Take the battle for the soul of Jackson Whittemore (Colton Haynes). Everything that’s remarkable about Jackson—his steely good looks, his bottomless checking account, his classic Porsche—only remind him how much he didn’t earn them. And so what good there is in him is eclipsed by a need to act out his self-loathing. Worse, Jackson is aware of this extra dynamic, which makes him truly tragic. We never hate him.

And now he wants Derek to turn him into a were as well. To give him a power that comes from his body, not his Chase Titanium card. If something gay happens, well, whatever.

In direct opposition to Whedon’s wonderful alternative families, the Buffy, Firefly or Avengers crews, Teen Wolf is a dire warning against socialization, especially for Scott: if he enjoys Allison, his mom may be getting killed by Gerard. If he’s with his mom, how can he protect Stiles and Allison?

This is horror for times of terrifying scarcity. It’s why Allison hangs on to Scott and vice versa, and it doesn’t feel clingy or retrograde, and it's why Stiles will save even Derek when a new monster comes to town. In lean times where the family is verklempt due to ideology, bad breaks or character flaws, they’re all they’ve got.

Ian Grey has written, co-written or been a contributor to books on cinema, fine art, fashion, identity politics, music and tragedy. Magazines and newspapers that have his articles include Detroit Metro Times, gothic.net, Icon Magazine, International Musician and Recording World, Lacanian Ink, MusicFilmWeb, New York Post, The Perfect Sound, Salon, Smart Money Magazine, Teeth of the Divine, Venuszine, and Time Out/New York.

GREY MATTERS: Vidal Sassoon: In the Salon, In the Movies, In Life

GREY MATTERS: Vidal Sassoon: In the Salon, In the Movies, In Life

Vidal Sassoon did nothing less in his astonishing life than co-engineering the design and mindset of desire and freedom in fashion, cinema, and feminism—in ways that echo to this day.

nullIn the mid-60s, his radical, Bauhaus-inspired cuts for Twiggy and Terrence Stamp in Joseph Losey’s Modesty Blaise defined a Mod brand of cool reemerging again today in everyone from Karen O to Ladytron to Lady Gaga; the pixie cut he crafted for Mia Farrow in Rosemary’s Baby made that film all the more effective and is now being rediscovered by Michelle Williams, Ginnifer Goodwin, and Mia Wasikowska, among others; the feathered cut he crafted for Farrah Fawcett in Charlies’s Angels gave the 70s Sexual Revolution a go-to style that, when shortened, also worked for men.

By creating “wash and wear haircuts” that freed women from the tyranny of elaborate post-war styling, Sassoon caused a side effect that was his greatest effect. Women of the early 60s who got Sassoon cuts were no longer spending a huge portion of their discretionary earnings and spare time on the salon, and so, simply in terms of dollars, cents, and time, feminism became that much more logistically possible.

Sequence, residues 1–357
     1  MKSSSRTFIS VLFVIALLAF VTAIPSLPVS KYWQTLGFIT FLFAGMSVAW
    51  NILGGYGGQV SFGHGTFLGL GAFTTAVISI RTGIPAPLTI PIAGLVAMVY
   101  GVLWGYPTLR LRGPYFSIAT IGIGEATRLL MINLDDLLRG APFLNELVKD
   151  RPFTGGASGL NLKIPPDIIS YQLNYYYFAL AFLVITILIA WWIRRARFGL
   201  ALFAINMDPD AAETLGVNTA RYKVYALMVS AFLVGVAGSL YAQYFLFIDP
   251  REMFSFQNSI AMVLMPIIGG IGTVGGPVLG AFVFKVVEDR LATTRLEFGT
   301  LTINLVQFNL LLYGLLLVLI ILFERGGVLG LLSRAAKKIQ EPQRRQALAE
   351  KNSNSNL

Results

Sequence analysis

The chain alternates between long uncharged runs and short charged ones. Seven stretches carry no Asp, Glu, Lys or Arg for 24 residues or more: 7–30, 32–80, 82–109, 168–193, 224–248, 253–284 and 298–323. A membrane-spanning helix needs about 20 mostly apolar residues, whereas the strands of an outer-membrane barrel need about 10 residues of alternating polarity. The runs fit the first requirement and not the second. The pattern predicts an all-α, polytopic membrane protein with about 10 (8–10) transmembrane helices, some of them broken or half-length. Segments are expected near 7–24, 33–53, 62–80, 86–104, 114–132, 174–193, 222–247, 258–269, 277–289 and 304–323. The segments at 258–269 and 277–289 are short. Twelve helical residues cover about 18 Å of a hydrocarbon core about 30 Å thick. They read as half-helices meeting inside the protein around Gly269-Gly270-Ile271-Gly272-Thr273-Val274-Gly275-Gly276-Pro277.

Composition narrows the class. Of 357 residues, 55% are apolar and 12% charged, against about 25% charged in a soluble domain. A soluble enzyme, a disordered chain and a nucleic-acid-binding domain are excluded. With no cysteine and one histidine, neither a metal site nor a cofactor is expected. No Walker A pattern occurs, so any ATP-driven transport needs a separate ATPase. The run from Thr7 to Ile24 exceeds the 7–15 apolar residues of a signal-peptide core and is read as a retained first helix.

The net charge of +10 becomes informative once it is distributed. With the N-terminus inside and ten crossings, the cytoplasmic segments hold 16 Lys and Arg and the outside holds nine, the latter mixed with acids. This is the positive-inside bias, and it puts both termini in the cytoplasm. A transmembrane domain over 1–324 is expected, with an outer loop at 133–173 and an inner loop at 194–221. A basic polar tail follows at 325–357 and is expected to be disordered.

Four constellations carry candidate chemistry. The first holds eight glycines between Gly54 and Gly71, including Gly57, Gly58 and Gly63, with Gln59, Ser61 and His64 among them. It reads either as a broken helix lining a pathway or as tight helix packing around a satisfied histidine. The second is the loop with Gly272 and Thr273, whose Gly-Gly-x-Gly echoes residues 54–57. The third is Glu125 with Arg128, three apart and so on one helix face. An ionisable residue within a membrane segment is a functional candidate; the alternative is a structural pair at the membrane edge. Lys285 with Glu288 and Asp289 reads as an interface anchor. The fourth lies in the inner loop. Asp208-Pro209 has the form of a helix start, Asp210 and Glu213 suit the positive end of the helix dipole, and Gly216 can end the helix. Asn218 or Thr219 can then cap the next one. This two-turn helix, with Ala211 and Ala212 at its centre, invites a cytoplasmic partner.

And so I feel as if this amazing history is in danger of being lost when I realize that when people think of Sassoon, they think of superior hair products. In fairness, though, he also created that industry.

Me, I first “met” Sassoon entirely by accident of need.

When Lizzie E. came up to me at high school’s end and asked how I was going to support myself until my band got signed, I was like,  “I have no idea.” When she asked if I wanted to go to beauty school, I said,  “Sure. Why not?”

But beauty school was lame, all boring rudimentary cuts, color, curling iron work, and such. Until The Twins showed up.

The Twins: two impossibly suave young Latino men in Armani suits with hair like Al Pacino in Serpico. They may have had names, but I never learned them. They didn’t talk much. They cut.

The Twins had been to Vidal Sassoon Academy. This was the late 70s. Everyone knew all about Vidal: he was a living media presence in the process of creating that idea, too. Think Tim Gunn but younger, ludicrously cool in his Pierre Cardin suits, and also a mensch.

nullAnyway, at school, students lined up daily as the Twins executed precise Sassoon-style versions of a Ziggy cut, a Bryan Ferry asymmetrical, a pixie, and the Master’s other contribution, the bob.

Everyone came out of a Twin session changed. Happier. More confident. More cool and more themselves at the same time.

I wanted a Twins cut! But I was also only 17 and seething with a crippling sense of how little I deserved such fine things, in part a side effect of the bipolar disorder percolating in my head.

So I just watched.

All very nice, but this is a film blog! Yes, but film and fashion are always absolutely intertwined.  

To explore what I mean by that, you have to ask, and also know: What is a haircut about? You. If you’re in the Marines, for example, it’s about erasing your identity with a buzz cut ten thousand other women and men have, so as to become an interchangeable part of a unit.

A haircut is also code. It’s Audrey Hepburn's hair in Breakfast at Tiffany’s (1961), signaling in streaked hair-color semaphore that she’s a very new sort of girl, an idea and look Gloria Steinem promptly appropriated and repurposed as an act of playful post modernism, whose referencing of Tiffany's was a hidden-in-plain-sight rejection of the top-down, patriarchal conservatism that institution stood for. And all while looking devastatingly chic.